The whole plant of the Adiantum pedatum, Linné, and Adiantum capillus Veneris, Linné.
COMMON NAMES.—Maidenhair, Maidenhair fern.
Botanical Source.—The American species of Adiantum is a delicately beautiful and graceful fern, growing from 6 to 15 inches high, with a handsome, polished, dark-purple or black stipe, forking at the summit; each branch so created supporting simple branches densely clothed with alternate, triangular, oblong pinnae. These are entire and veined on their lower margin, incised on their upper border, and fruit-bearing. The fruit dots are short, slightly crescent-shaped, and marginal, and covered by an indusium derived from the reflected margin of the lobe. The fronds are erect and present a beautiful appearance. The leaves are slightly bitter, together with a faintly sweetish, aromatic, feebly astringent taste. The odor is delicately aromatic.
The European species is about 1 foot high, with a brownish or brownish-black stipe, pinnate above, and doubly or thrice pinnate below. The leaflets are irregular, wedge-shaped, obtusely incised, with the fruit dots in a marginal line. It is inodorous, with a sweetish taste, afterward slightly bitter, and feebly astringent.
History and Chemical Composition.—The maidenhair ferns contain a volatile oil, sugar, tannin, mucilage, and a bitter principle. The A. pedatum is a common fern in the moist, rich soil of the American woods, and is found also in Eastern Asia. The A. capillus Veneris is a native of Europe, but, according to Englemann, is naturalized in Florida, Texas, and Arkansas, and westward to California. The European species is used in preparing a syrup called Sirop de capillaire, which is popular in France and Germany as a mucilaginous pectoral. The plants yield their virtues to boiling water, and are used in decoction, infusion, or syrup.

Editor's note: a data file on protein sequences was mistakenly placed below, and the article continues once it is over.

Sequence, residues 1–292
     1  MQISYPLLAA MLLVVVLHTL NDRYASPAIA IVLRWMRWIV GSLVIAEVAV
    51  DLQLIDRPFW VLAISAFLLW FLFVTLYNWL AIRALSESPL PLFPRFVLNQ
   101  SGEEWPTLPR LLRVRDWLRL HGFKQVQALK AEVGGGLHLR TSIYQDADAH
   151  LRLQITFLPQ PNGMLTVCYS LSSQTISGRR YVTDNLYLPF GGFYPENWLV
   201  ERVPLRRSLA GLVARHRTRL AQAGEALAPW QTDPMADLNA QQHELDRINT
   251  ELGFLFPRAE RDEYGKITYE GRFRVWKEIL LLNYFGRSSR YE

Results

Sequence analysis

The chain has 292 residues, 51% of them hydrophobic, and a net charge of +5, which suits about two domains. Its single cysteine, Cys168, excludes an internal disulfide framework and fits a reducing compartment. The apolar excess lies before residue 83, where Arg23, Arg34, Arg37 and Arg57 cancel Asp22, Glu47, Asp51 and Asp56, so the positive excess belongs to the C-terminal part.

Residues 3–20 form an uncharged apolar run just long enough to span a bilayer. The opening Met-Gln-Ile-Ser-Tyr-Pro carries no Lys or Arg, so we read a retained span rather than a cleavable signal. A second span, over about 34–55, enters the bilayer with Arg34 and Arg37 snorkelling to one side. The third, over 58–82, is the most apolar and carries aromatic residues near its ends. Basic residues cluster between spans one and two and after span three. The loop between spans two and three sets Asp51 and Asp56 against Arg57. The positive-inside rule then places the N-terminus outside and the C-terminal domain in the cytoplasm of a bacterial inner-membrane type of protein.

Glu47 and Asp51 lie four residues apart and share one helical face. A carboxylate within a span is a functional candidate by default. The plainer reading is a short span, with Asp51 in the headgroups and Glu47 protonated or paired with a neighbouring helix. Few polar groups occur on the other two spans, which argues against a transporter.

Action, Medical Uses, and Dosage.—Maidenhair is refrigerant, expectorant, tonic, and subastringent. In decoction it forms an elegant refrigerant drink in febrile diseases and in erysipelas, and is also beneficial in coughs, chronic catarrh, hoarseness, influenza, asthma, etc. It is likewise reputed efficacious in pleurisy, and in jaundice.The decoction or syrup may be used freely. These plants are highly valued by some practitioners, and deserve investigation. Doses: Decoction (℥j to aqua Oj), dose, 1 to 4 fluid ounces. Infusion (℥j to aqua Oj), dose, 1 to 4 fluid ounces. Syrup (adiantum 1 part, boiling water 10 parts, sugar 19 parts; infuse, adding the sugar after the syrup has been strained), dose, 1 or 2 tablespoonfuls.
Related Species.—Asplenium Adiantum nigrum, Linné. Black maidenhair. Habitat, Europe. Mucilaginous. Substituted for the true maidenhairs.
Asplenium Trichomanes. Spleenwort. Europe. Also used to adulterate the true species. Neither of the foregoing have, however, the aromatic flavor of the genuine article.
Asplenium ruta muraria, Linné. White maidenhair. Indigenous to both Europe and the United States. Used for the same purposes as the medicinal fern.
King's American Dispensatory, 1898, was written by Harvey Wickes Felter, M.D., and John Uri Lloyd, Phr. M., Ph. D.